I’ve run lots of Nerf events and I’ve seen a lot of Nerf Party ideas. Believe me… I’ve counted!
Here are just 12 practical ideas and thoughts (from working with over 4000 Nerfers) which you might find useful!
1. Your Venue
Nerf is an active thing, so you need space to play! You can do quite a lot with limited space by cleverly breaking it up using movable obstacles to make a dynamic Nerf arena, but more on that later!
People often ask “How much space do I need to run my Nerf war?” – the answer depends on how many people you’re planning to invite!
Half a basketball court, or two badminton courts, is easily enough for 20 Nerfers to have space to move freely whilst being able to move out of range of another Nerfer if desired.
If you’re outside, it’s important to make boundaries of play clear so that your nerfers don’t charge out into the wilderness and stake out a bush somewhere they won’t see any of the action!
Half a full-sized football pitch is usually enough space for 30 Nerfers playing outdoors.
It’s an important part of any party, and a Nerf birthday party is no exception!
I’ve seen some amazing Nerf cake ideas, and there are lots more you’ll be able to find elsewhere.
What I would suggest, though, is that you wait until after you’ve had your Nerf war before you eat. Tummies will struggle to digest food whilst being juggled about by running to and fro!
I would also suggest that food isn’t put out until the Nerf war is over… a shower of darts can make mincemeat (pun intended!) of a plate of nachos, send plates of Wotsits flying and easily knock cups of drink over!
There are lots of great ideas out there for decorations at Nerf parties. Nerf orange is a popular colour, as is elite blue, and cammo netting of any colour can contribute to the atmosphere! I personally like to use cammo netting of different colours to mark out base areas.
Decorating a larger venue can seem daunting and be incredibly time consuming, so ask yourself this: how much will your decorations contribute to the participant’s experience at your party? In my opinion, the main event at any Nerf gun party is the Nerfing itself, and when guests get stuck into a Nerf gun game, it doesn’t matter where they are or how it looks… the most important thing in their world is the Nerf zombie chasing them or the opposition player who’s got them in their sights!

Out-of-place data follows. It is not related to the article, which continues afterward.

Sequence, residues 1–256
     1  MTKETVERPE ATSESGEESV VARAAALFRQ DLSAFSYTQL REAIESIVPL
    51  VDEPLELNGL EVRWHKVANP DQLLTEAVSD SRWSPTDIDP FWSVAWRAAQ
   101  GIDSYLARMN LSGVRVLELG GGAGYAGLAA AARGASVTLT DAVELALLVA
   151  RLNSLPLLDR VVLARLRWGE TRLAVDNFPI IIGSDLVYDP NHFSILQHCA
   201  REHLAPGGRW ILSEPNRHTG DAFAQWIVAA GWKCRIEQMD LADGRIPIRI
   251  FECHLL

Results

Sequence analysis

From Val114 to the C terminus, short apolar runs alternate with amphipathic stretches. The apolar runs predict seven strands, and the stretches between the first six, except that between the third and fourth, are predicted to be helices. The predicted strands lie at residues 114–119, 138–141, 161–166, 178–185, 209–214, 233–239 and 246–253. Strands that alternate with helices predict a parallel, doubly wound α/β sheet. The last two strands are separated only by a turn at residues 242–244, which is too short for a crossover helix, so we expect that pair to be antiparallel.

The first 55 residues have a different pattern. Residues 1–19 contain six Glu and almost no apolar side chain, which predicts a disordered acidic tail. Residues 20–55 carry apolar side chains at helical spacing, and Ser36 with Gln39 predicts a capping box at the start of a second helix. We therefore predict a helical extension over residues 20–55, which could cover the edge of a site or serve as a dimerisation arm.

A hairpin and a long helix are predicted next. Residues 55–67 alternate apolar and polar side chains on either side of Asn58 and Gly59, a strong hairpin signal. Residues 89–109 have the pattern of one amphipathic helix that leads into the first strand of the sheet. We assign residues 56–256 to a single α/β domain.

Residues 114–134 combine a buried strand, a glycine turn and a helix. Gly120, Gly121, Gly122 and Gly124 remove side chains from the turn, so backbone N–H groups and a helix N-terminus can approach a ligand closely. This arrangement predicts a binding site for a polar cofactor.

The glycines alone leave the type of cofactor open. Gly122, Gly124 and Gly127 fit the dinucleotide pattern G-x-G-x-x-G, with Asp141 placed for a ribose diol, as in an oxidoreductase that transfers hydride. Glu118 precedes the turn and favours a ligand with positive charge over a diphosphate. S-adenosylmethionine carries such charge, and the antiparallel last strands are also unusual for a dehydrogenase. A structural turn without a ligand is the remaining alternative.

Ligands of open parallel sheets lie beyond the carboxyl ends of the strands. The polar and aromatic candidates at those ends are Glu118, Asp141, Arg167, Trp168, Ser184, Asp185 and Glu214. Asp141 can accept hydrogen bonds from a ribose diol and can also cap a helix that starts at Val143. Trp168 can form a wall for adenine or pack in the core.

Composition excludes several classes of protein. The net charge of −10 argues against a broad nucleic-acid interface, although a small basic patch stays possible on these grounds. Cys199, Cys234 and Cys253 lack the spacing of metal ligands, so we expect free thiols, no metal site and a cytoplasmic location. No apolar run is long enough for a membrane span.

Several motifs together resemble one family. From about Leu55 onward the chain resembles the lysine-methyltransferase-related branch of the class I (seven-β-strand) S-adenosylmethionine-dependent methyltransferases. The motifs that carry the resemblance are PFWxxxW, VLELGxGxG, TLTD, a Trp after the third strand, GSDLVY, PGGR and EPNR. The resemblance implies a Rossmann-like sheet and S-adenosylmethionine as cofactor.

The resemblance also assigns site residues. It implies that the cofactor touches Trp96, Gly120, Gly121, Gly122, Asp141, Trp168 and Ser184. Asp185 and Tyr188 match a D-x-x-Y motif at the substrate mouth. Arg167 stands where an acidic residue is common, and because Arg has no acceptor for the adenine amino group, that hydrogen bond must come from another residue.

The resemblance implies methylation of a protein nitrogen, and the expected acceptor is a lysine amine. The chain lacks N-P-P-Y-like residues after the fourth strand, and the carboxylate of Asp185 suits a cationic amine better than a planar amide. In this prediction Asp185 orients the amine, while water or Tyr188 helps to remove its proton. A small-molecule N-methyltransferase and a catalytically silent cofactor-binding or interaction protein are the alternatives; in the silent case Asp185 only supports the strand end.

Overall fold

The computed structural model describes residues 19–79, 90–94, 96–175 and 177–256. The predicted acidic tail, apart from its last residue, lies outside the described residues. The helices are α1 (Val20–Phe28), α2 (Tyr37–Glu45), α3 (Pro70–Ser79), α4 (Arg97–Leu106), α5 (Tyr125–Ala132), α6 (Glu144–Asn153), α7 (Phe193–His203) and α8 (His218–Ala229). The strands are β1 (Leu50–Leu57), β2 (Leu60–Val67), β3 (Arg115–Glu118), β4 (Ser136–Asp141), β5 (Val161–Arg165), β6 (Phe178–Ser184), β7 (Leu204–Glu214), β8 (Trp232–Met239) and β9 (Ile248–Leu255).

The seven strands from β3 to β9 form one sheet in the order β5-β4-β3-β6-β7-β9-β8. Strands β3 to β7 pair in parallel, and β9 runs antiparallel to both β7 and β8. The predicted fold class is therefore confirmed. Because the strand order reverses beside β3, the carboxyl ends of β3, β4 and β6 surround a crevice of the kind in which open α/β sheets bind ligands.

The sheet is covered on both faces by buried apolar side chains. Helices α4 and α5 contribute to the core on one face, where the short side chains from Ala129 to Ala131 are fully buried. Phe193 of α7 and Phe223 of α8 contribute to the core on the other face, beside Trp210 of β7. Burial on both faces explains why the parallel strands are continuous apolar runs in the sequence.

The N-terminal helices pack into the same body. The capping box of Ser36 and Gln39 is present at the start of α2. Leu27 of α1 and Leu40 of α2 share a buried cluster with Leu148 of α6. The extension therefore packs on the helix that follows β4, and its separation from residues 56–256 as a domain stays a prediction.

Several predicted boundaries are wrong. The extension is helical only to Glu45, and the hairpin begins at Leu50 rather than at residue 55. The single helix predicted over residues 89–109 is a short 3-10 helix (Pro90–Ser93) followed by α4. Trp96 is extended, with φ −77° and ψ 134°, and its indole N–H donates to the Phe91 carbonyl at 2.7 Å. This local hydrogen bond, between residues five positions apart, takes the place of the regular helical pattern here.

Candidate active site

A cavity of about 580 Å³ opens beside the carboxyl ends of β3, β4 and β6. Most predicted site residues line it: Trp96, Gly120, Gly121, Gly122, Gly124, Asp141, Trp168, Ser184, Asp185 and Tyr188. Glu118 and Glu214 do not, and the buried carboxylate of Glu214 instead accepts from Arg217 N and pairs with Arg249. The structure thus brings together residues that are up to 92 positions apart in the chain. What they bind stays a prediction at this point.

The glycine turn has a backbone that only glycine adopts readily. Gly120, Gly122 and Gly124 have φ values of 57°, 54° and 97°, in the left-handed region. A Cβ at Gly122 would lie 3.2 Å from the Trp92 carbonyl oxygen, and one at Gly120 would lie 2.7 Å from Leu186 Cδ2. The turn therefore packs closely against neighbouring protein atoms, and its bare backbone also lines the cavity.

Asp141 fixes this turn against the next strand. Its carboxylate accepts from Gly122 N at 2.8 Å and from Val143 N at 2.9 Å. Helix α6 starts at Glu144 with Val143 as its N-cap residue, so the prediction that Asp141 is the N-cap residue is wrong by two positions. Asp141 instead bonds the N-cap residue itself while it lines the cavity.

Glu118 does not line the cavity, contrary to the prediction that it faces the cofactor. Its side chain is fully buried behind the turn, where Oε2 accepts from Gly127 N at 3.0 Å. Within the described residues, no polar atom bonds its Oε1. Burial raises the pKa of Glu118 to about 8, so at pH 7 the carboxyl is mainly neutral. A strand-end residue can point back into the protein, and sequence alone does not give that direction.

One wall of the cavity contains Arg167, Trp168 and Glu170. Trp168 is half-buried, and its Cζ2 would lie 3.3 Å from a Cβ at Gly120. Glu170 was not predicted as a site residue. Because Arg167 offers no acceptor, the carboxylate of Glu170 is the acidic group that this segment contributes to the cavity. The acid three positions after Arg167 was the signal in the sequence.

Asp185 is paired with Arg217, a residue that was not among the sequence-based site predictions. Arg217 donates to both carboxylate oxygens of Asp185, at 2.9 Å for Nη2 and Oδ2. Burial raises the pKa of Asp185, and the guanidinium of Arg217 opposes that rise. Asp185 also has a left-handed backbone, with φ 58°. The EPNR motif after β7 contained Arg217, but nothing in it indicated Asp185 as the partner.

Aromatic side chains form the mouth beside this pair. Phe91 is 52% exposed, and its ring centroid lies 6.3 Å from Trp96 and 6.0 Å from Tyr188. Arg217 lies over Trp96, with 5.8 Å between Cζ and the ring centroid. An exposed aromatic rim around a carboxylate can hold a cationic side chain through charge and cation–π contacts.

I recommend quick, easy decorations which don’t take long to put up. Baloons. Banners. That sort of thing.
4. Nerf Guns
Basically, you need them!
It’s next to impossible to have a Nerf gun party without these! Many people own their own, and it’s entirely possible to have Nerf events where everyone brings along their own blasters. We have one every month in Leeds, and it’s a blast!
Here are some blaster logistics points to ponder:
Firstly, it’s only fun to use a blaster in a Nerf war if you know how to… use it! It’s all well and good bringing the latest Mag-fed blaster to a Nerf war, but what if you don’t know how to un-jam it when it jams? What if you don’t know how to load the mag properly? Who are you going to turn to for help? The party organiser! Ask yourself this question… are you prepared to spend one and a half hours helping a line of (probably) young Nerfers unjam, reload and diagnose problems with their mag-fed blasters, whilst trying to run games, WHILST trying to do anything you need to to keep your party running?
Secondly, from experience, if you use a mag fed blaster at a Nerf event, there’s a price to pay… and that’s refilling every mag you empty! Imagine you’ve only got one mag with you (likely, since most blasters only come with one or two mags at most!) and you get involved in an intense firefight. What happens afterwards? You have to reload ten or twelve darts before you can play a part in the game again. I would say it takes about a quarter of the time to empty a mag than it does to reload it. On this basis, using a mag fed blaster, you can expect to spend quite a lot of time loading rather than playing, and your Nerf gun party has become a Nerf gun reloading party.
Because of the above, simple, but effective, front-loading blasters maximise the time you spend in play rather than reloading, and reduce the number of jams your guests (and you!) will have to deal with during the course of a Nerf war.
Part of the reason I love them are that there’s more time spent Nerfing and less loading. Remember, you can still get tagged whilst loading, so the less time you focus on that the better!
I personally use front loading (or internal mag) blasters when I participate in Nerf Wars at Grim Up Nerf for the above reason. Plus I love to travel light, and the less I have to carry the better.
Plus, less time spent on learning how the blaster works also means more time Nerfing!